Can you tell us a little bit about your background/history that led you to this point?
I started my second career (first one was in film & TV as an editor) in sustainability in the apparel industry. Having gone back to school for environmental studies and business, I was inspired by the idea that businesses and the capitalist model could be a tool for benefiting people and the planet instead of destroying them. After school, I was fortunate to get an internship which then turned into a full time job at Patagonia - the leading apparel brand at the time in sustainability. From then on, I was locked into transforming the apparel industry from an extractive industry to a regenerative one.
Tell us about your product/brand and the inspiration behind it?
I am now the Co-Founder of The Renewal Workshop. Having worked in the apparel industry for a decade, it was very apparent that even if we could make all the clothes in the world from organic or recycled materials and in Fair Trade factories, at the end of the day, the business model, the way brands make money was broken. In order for brands to create financial wealth, they needed to make more products, year over year and this had limits.
The Renewal Workshop is the leading provider of circular solutions for apparel and textile brands. We see circular business models as the solution for the industry, to generate revenue from products they have already created.
How does sustainability play a role in your brand/product development? How important has this been to consumers?
Sustainability is at the heart of our company, not only in the design of the business. Our company diverts apparel and textile waste from landfill to our factory where we have living wage jobs to clean, repair and certify each garment and then get it back out for resale. This means that every time we “Renew” and resell an item, we are directly helping the planet. Additionally, we bring the ethos of circular into our daily operations, reducing our own manufacturing waste and incorporating buying reused for our operations.
What are your thoughts on the future role sustainability plays both professionally in business and in our everyday lifestyle choices, in regards to the future health of our planet?
I started my career as a sustainability professional in 2005. At that time, there were very few companies who understood why taking care of people and the planet would help their businesses. Today, most companies are incorporating some kind of sustainability practices. My experience is that this is being driven not only from customer demand, but from employee demand. Most people want to contribute to something good and not harm others or the planet and they are asking their employers to step up and start doing the right thing. So, I see sustainability becoming even more ingrained in the way we live our lives as individuals as well as companies continually evolving to lower their negative impact and improve their positive one.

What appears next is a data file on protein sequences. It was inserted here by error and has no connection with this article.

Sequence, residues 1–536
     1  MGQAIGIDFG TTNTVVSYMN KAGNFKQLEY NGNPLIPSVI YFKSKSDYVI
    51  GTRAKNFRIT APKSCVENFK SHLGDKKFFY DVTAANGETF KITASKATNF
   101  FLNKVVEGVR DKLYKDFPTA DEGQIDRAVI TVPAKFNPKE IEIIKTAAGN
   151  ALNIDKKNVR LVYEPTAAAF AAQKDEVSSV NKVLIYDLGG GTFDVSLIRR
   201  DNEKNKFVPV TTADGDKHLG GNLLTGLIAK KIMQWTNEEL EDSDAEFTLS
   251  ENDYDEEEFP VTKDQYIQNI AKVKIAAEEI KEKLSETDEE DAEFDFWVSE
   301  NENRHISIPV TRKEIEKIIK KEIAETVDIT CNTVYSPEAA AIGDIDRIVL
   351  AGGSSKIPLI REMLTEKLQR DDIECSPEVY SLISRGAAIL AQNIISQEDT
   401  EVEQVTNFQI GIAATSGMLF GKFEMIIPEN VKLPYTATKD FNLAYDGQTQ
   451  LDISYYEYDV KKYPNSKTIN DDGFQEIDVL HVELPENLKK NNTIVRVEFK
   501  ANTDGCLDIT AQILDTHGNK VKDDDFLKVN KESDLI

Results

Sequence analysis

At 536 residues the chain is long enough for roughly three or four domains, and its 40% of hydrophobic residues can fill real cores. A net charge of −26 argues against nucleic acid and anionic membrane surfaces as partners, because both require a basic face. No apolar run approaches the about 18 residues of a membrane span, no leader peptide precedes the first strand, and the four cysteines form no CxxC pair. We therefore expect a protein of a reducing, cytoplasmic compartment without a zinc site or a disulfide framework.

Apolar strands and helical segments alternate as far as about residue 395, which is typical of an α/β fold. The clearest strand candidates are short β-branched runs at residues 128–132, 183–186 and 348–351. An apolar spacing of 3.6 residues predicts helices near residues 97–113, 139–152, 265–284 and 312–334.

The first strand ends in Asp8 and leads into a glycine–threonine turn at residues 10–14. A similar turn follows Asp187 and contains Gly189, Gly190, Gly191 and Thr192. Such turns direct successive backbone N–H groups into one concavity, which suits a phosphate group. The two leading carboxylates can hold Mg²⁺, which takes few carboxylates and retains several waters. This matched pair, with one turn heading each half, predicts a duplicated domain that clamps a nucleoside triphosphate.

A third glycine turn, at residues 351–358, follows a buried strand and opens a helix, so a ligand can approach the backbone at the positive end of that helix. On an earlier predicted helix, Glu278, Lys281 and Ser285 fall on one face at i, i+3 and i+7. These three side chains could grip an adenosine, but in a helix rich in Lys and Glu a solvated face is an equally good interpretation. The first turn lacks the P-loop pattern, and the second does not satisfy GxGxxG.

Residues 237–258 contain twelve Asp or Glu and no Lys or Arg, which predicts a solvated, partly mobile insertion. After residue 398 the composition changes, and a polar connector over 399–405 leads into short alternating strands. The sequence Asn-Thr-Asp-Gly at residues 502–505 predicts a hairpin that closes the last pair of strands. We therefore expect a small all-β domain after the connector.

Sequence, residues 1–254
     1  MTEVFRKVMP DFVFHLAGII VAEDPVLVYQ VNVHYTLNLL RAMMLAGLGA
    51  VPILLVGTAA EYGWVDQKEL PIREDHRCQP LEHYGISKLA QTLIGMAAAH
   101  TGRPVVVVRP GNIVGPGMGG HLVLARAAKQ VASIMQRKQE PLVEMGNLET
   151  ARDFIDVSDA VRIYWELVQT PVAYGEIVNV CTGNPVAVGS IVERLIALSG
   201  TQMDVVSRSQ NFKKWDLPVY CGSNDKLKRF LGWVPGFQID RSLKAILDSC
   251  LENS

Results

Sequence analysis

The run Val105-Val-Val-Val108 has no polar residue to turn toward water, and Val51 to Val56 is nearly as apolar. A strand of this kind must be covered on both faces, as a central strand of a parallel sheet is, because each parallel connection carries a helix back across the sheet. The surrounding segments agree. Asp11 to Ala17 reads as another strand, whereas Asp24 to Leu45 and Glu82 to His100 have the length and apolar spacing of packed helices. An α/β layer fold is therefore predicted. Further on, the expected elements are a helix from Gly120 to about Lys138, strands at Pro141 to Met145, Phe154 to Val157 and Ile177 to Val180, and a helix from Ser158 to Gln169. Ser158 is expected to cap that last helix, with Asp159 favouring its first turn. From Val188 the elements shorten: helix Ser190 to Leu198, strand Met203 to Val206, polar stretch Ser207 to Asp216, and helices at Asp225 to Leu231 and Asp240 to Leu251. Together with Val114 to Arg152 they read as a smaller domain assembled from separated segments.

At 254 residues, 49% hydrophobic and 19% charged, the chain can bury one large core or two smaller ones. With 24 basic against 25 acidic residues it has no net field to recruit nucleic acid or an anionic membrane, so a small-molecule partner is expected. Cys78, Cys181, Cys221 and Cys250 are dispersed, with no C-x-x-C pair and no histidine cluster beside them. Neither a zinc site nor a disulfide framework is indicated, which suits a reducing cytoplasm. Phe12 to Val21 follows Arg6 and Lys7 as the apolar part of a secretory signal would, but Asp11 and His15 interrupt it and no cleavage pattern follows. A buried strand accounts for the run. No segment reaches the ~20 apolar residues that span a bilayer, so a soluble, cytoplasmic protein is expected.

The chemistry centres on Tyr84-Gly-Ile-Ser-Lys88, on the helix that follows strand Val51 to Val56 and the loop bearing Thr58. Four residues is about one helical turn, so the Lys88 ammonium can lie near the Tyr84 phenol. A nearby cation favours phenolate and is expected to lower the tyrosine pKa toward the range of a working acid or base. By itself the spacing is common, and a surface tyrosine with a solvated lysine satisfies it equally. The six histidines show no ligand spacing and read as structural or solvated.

How does technology and innovation play a role in your business?
Technology is an important tool to our business and at the same time we rely on the high skills of our employees to be the leadership company we are. Technology is a tool and can serve people to make their jobs easier or more efficient, but one has to be careful that technology isn’t going to solve all the world’s problems. For instance, we use software and data to help tell stories about the products we are processing which then helps our business become more efficient, as well as help our brand partners design better products for the future. But we also know that human problem solving - and especially in our case where we are touching products and repairing them - cannot be replaced by technology and so we leverage that information to also serve innovation.
What does wilderness mean to you?
I grew up in Northern British Columbia, so wilderness is deeply ingrained in who I am as a person and how I recharge my internal clock. Wilderness is when you are out in nature and you realize there is nothing manmade around you and that this is what the world would be like without humans. I find that really special because humans have impacted the planet more than any other species and I am so curious what it is like when humans are not part of the equation. I believe that wilderness and nature is where we should be looking for inspiration on how to live with balance. My favorite moments in life are definitely in the wilderness.
Do you have a favorite item, it may be an heirloom handed down from a grandparent, friend or relative of some kind, that has great meaning to you?
My KitchenAid – it was a gift from my aunt for my first wedding. It was also the only thing I took after my divorce when I left. I love to cook and it gets used weekly. Cooking is something that is really special to me because it is a gift that I can give to others, to feed them and make them feel special. And because it gets used so often a bolt has come loose and I have duct taped it together, so it looks repaired - using things as long as possible is something that I feel strongly about.